Client deadlines, account filing deadlines, and regulatory deadlines – they all create pressure and can contribute to stress.

Try using a calendar, to-do lists, and collaborative working tools like Basecamp to plan ahead and ensure all deadlines are met, and where they cannot be met, appropriate communication is made before the deadline arrives.

In my 4 week business course I also cover how to produce and use to-do lists to help prioritise and organise tasks.


Fear of key employees leaving, sickness, staff shortages, conflict – there are plenty of ways that your employees can cause you stress and therefore sleepless nights.

It’s important, with employees, that you appreciate they aren’t just machines, they have their own needs, objectives, and dreams – and these won’t always necessarily marry with the objectives of your business.

You have to ensure your employees are in positions where they remain motivated and engaged, and that you are flexible when it comes to their own needs – whether it be flexible working hours, training and development, or even just leaving work early one afternoon for a family event. Help them to meet their objectives and they’ll help your business meet its objectives also.

Beyond showing flexibility, a desire to help them achieve their own objectives, and ensuring they are in the right role within the business, you can’t control much else.

Humans, by their nature, are unpredictable. They are driven by emotion and feeling, and there are many variables (both inside and outside of the workplace) that can affect these.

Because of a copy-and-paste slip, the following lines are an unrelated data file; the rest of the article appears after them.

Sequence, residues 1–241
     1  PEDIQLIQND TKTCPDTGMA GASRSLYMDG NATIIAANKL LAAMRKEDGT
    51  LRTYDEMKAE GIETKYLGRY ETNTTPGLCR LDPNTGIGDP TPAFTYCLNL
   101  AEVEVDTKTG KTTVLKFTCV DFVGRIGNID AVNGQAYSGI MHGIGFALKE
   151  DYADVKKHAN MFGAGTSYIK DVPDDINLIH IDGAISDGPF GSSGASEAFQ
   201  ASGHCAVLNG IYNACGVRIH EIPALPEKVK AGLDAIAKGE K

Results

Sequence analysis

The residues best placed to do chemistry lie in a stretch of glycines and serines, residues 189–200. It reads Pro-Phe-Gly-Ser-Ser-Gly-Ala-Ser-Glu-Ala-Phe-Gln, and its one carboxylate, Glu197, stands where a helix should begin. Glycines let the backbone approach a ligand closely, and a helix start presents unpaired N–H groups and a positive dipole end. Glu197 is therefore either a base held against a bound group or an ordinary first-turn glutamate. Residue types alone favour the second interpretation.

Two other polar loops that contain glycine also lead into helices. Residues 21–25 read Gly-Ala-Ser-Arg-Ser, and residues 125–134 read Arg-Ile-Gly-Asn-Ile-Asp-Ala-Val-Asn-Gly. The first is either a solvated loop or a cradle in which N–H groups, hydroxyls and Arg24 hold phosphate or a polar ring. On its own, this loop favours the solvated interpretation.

Don’t stress over things you cannot control – provide employees a flexible, fertile environment for them to flourish, and the rest is out of your control. Relax.


Research has shown sales growth to be one of the biggest causes of stress for small business owners.

We’re all trying to grow our sales – no business owner ever wants them to go the other way.

But stressing over growing your sales really isn’t necessary.

Growing a business isn’t an exact science, and it takes plenty of time and trial/error to achieve millions of pounds in sales.

Provided you are collecting data and analytics on every promotional channel you are using, and you are regularly analysing these statistics to tweak your promotional strategy to focus on the activities with the best response and highest return on investment, then worrying beyond this is completely irrational.

You should only be worried about sales growth if you are flying blind and are not collecting, processing, and applying data from each promotional avenue that you employ. Because then you’ll never truly know what is working and what isn’t, so you’ll never feel in control of your sales growth.

Install Google Analytics, use promotional codes uniquely assigned to each promotion you run, and continually analyse your results – and you should never feel worried about growing sales. Perhaps you’ll feel frustrated at times as you go through the trial and error stages of your promotional activity, but never worried.